- Days Cash on Hand
updated 4 months ago
(Total Bank Accounts / (( Total Expenses - Depreciation - Amortization ) / 365))
Days cash on hand is the number of days that an organization can continue to pay its operating expenses, given the amount of cash available. Managers should be aware of the days cash on hand in the following circumstances:
- When a business is starting up and is not yet generating any cash from sales.
- During the low part of a seasonal sales cycle, when there may be no sales.
- During a transition to a new product line, when sales of the old product line are poor and declining.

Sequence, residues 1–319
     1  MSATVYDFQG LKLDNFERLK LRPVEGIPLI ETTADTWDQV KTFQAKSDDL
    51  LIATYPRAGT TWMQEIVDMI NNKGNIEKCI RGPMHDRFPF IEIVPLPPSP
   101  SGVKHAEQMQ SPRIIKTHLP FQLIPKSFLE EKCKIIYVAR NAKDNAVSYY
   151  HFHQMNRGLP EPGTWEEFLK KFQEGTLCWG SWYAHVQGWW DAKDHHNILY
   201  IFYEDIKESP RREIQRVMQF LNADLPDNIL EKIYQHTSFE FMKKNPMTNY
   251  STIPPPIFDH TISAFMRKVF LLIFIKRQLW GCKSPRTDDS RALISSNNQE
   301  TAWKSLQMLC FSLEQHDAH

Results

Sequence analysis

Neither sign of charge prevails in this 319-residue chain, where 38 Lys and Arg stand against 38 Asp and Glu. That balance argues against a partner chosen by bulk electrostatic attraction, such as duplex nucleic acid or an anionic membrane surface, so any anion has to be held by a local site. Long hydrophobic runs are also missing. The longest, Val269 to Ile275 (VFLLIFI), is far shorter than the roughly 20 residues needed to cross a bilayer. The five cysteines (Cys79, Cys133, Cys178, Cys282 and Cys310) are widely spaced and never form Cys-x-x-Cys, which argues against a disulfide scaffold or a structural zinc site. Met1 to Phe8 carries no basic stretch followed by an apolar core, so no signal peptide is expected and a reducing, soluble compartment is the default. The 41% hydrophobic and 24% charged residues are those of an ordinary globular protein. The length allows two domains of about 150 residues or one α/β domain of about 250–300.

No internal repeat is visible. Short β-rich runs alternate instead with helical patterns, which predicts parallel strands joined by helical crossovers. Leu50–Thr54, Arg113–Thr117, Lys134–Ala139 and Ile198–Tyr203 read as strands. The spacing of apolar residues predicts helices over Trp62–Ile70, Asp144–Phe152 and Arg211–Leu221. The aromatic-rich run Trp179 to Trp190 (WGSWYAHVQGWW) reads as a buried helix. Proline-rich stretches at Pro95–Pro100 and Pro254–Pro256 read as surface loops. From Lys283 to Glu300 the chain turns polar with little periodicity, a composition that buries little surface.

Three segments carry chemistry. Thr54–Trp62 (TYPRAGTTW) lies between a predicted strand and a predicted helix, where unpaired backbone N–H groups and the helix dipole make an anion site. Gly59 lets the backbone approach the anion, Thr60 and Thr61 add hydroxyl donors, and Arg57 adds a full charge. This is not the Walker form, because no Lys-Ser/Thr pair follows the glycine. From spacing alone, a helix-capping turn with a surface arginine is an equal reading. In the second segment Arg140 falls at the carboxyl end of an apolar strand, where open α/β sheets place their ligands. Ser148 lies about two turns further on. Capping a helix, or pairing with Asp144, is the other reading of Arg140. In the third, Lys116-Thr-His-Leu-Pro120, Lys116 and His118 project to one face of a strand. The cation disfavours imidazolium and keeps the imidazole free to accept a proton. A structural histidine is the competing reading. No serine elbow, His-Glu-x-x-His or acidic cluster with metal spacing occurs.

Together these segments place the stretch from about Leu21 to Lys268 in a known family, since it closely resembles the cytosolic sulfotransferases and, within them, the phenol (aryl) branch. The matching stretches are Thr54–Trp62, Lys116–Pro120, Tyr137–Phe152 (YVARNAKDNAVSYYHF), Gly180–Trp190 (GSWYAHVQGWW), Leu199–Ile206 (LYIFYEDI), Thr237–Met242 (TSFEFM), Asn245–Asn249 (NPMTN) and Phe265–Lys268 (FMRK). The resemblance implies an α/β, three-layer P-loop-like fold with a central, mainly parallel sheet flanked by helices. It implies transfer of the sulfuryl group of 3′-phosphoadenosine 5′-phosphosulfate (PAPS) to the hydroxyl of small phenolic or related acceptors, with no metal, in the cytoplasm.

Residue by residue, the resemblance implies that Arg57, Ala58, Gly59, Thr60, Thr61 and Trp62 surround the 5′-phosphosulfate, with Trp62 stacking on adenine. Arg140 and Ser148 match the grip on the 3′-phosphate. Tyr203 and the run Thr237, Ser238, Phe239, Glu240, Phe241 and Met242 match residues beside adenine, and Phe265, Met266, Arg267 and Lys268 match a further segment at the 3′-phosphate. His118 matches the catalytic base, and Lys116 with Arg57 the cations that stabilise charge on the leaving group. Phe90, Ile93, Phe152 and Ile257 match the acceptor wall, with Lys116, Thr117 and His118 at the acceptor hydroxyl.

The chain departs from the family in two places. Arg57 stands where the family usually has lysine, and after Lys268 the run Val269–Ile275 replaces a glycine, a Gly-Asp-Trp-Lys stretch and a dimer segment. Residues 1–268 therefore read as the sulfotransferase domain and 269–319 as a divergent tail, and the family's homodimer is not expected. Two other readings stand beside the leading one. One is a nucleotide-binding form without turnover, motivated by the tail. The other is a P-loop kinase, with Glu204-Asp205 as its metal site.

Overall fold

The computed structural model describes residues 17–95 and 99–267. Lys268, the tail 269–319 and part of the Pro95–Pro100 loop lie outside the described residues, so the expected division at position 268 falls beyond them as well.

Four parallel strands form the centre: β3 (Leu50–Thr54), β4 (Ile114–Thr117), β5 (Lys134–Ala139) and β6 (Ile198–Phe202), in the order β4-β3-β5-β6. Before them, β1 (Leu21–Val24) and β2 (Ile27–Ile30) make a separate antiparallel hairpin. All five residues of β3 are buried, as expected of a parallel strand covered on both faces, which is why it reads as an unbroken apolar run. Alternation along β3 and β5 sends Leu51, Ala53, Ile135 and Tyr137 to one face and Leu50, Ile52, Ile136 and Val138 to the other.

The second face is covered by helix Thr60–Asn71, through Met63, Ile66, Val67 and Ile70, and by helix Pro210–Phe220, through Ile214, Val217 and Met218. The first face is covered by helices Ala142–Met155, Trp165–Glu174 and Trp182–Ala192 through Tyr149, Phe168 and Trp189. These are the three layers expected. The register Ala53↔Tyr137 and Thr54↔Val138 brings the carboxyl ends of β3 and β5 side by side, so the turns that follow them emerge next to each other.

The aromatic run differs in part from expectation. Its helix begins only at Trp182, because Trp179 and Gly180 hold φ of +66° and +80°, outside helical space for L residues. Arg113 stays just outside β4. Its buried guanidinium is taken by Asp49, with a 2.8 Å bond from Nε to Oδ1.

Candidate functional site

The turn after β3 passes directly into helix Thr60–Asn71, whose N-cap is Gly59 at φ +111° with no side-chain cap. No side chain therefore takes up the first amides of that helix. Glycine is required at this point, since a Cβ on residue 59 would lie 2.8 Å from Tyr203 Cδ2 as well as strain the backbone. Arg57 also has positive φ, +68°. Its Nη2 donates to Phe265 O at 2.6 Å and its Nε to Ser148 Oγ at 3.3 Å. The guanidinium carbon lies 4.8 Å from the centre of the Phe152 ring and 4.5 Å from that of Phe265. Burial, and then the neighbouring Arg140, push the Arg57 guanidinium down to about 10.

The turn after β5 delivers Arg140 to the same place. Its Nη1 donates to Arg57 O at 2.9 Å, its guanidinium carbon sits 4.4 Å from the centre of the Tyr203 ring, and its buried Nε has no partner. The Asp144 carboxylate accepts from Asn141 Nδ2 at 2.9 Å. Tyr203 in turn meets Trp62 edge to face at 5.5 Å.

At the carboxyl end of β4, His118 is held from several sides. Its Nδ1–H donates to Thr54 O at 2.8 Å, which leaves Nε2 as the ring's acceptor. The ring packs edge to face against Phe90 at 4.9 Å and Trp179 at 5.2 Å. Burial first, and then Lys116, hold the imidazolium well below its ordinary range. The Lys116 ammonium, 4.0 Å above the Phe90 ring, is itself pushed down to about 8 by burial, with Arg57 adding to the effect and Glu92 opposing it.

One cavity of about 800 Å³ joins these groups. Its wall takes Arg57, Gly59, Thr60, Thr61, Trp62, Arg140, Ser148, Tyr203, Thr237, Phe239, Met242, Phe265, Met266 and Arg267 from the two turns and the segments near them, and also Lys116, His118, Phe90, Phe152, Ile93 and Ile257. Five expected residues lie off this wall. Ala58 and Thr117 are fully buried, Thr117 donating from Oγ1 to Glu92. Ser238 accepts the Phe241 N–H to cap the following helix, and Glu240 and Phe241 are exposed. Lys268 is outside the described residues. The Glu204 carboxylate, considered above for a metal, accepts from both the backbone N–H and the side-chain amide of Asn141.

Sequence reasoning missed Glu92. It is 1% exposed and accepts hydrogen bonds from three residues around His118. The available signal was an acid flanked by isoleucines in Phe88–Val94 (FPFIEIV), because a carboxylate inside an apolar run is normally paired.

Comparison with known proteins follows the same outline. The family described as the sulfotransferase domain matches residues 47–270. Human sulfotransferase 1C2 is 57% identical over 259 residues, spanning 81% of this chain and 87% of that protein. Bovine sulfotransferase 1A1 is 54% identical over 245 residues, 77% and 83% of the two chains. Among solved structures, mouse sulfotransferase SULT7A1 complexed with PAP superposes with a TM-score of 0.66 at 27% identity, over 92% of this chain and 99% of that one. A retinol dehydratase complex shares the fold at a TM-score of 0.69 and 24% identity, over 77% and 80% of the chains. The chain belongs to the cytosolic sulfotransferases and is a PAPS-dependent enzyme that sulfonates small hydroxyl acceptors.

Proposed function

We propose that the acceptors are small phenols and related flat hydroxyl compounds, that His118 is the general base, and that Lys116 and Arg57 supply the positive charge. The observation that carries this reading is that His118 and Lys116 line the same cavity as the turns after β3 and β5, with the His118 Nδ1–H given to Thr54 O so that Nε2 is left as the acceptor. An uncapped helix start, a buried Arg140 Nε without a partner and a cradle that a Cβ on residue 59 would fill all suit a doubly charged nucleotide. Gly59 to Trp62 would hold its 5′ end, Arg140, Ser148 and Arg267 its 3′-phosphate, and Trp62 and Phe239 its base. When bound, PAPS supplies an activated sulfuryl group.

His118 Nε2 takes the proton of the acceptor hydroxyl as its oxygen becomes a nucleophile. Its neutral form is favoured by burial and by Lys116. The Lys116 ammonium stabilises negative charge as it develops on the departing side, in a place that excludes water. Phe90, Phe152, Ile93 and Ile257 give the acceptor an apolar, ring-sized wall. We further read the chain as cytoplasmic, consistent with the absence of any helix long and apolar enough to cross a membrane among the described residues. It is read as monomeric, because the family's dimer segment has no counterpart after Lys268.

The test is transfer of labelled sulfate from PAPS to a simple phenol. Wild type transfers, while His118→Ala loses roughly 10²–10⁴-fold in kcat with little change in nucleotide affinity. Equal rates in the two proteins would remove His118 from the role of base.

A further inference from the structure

A key assumption in determining days cash on hand is that there is no cash flow from sales; instead, there are just operating expenses, such as salaries, rent, and utilities. To determine the amount of these operating expenses, use the operating expenses subtotal in the income statement, and subtract all non-cash expenses (usually depreciation and amortization). Then divide by 365 to determine the amount of cash outflow per day. Finally, divide the cash outflow per day into the total amount of cash on hand.
Tip: What should a business have?
At a minimum, you should have 45 days cash on hand, but an optimal amount is between 3-6 months worth of operating expenses. This way you can weather unexpected events like COVID or natural disasters. Any more than 6 months, you should be building a reserve for a big purchase.